He carried a dozen roses into Cave Hill Cemetery and headed for a patch of grass in the back corner that seemed too ordinary for the man buried beneath it.
Farzam Farrokhi had worried there would be a horde of people this morning elbowing for a place among the first to see Muhammad Ali’s grave.
Instead he found a quiet and reverent stream of visitors. There was not yet a headstone marking the spot. No rope cordoned off those wishing to kneel, pray or kiss the grave.
It would have looked like any unremarkable rectangle of fresh sod had people not been snapping photos. A few brought flowers, one left a tiny set of boxing gloves. A man unfurled an Islamic flag and laid it alongside the grave.
Farrokhi, a native of Iran, drove 12 hours from his home in Queens, New York, for Ali’s funeral. He was grateful for no massive crowds so he could sit and reflect on the life and the death of The Greatest, who suffered for years with Parkinson’s disease.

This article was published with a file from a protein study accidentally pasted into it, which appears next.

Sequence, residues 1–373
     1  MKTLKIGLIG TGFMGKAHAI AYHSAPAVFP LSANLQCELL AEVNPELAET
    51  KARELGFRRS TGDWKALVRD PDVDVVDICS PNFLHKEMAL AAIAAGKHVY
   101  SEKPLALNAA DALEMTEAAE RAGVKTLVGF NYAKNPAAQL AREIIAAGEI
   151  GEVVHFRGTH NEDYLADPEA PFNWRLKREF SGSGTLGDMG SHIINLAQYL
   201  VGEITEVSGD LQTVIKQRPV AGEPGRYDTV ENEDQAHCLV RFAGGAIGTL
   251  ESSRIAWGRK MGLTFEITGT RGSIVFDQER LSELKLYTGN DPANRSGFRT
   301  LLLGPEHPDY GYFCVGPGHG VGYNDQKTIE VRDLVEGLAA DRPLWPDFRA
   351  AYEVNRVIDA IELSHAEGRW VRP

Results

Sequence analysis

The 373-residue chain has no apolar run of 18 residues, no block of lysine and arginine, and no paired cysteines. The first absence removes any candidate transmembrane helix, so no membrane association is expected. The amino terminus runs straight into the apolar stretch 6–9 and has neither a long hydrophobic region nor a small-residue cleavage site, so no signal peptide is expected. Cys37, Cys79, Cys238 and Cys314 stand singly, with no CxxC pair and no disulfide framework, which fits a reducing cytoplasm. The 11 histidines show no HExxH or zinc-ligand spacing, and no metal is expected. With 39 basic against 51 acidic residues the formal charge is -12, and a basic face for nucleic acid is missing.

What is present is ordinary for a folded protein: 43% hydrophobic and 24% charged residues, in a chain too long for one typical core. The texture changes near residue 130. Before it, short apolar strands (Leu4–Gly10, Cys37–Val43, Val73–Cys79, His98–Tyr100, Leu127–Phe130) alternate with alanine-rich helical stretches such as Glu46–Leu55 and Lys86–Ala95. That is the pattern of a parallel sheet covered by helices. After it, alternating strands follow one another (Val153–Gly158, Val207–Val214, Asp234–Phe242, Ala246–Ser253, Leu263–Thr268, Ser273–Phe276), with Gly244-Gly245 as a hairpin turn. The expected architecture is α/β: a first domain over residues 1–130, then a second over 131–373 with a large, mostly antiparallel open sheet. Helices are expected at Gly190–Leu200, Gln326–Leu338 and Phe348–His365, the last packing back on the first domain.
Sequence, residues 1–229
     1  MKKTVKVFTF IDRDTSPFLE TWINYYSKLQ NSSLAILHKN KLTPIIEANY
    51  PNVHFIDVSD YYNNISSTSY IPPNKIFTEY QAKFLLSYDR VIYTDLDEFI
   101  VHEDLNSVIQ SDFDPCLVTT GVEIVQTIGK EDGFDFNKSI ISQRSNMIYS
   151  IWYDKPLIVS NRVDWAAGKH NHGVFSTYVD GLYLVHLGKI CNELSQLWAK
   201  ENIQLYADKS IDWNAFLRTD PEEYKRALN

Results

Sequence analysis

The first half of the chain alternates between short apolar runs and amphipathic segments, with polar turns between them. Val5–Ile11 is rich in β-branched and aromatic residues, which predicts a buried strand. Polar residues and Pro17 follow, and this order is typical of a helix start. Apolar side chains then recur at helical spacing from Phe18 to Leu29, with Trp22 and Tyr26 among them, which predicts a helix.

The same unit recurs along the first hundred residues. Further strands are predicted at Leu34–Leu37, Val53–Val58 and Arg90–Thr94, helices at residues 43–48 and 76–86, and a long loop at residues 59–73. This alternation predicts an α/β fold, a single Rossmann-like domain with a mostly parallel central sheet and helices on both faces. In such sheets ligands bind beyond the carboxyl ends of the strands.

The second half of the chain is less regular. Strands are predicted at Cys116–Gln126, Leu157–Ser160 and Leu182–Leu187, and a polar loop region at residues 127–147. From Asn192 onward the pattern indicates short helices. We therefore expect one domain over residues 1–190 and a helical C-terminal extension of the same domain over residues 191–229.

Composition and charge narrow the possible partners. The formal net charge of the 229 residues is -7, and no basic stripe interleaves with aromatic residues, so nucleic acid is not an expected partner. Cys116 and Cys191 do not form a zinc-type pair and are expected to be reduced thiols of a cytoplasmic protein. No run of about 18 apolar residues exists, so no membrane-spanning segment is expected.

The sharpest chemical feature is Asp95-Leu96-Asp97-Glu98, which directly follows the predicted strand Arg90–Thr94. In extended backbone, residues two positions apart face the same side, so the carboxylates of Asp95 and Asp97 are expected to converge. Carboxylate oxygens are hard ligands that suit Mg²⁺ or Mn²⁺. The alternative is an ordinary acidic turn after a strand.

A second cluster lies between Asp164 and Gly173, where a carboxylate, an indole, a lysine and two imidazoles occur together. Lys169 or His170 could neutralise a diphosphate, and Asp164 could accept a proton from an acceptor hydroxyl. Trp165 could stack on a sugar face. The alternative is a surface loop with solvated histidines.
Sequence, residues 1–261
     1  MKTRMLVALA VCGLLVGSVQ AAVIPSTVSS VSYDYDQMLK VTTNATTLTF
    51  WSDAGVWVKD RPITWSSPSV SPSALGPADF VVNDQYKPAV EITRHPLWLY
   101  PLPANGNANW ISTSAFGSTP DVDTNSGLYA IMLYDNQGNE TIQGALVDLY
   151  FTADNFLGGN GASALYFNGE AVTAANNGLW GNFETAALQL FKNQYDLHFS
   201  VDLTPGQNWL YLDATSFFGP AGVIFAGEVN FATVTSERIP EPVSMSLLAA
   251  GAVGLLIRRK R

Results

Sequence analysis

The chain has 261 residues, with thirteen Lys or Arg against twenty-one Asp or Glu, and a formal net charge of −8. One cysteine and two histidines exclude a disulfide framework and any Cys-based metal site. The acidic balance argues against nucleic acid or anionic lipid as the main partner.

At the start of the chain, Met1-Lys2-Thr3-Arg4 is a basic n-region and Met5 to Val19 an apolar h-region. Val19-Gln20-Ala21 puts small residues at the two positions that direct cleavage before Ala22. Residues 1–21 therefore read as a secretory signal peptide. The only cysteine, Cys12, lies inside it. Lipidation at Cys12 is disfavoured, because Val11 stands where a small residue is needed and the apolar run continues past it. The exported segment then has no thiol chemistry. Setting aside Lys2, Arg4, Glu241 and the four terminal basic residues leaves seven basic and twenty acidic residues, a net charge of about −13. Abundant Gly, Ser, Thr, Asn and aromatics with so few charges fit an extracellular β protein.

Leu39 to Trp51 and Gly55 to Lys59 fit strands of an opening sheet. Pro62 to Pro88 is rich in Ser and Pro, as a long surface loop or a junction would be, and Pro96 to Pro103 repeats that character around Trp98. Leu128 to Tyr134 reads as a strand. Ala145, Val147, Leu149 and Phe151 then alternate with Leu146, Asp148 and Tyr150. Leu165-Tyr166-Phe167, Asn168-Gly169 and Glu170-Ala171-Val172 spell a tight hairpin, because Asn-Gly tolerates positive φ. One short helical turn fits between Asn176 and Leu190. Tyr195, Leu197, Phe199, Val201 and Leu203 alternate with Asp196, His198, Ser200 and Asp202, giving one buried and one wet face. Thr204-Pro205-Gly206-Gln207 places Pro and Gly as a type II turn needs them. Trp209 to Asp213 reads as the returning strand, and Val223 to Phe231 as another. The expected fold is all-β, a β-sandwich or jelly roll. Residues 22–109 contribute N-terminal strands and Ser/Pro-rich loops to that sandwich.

“I can’t imagine a heart like Ali’s being stuck in a body where he can’t do what he wants to do. Now he can be free,” he said. “Maybe he’s shaking up the next world already.”
Ali was buried yesterday in a corner of his hometown’s historic Cave Hill Cemetery, 300 acres famous for its beauty and wildlife.
Ali picked the site himself. He toured the cemetery’s twisting paths and towering trees and decided on this spot just across from a flower patch and a lake, with a fountain that babbles day and night. Four geese moseyed across the road nearby this morning.
His headstone will be simple when it’s installed, in keeping with Muslim tradition. It will be inscribed with just one word: Ali.
Jake and Janell Bessler drove from Evansville to see it today. On the way, they told their 4-week-old daughter, Violet, sleeping in her car seat, about the boxing great and what he meant to the world.
“We told her ‘this is history, you get to be a part of it,” Janell said. They sat her in front of the grave and snapped a photo, so she’ll be able to see it one day.
Visitors trickled in from near and far. James Terry, a Louisville native, carried a map of the cemetery, marking the family plot on the other side where he will one day be buried. He delighted at the idea he will share the same dirt as The Champ.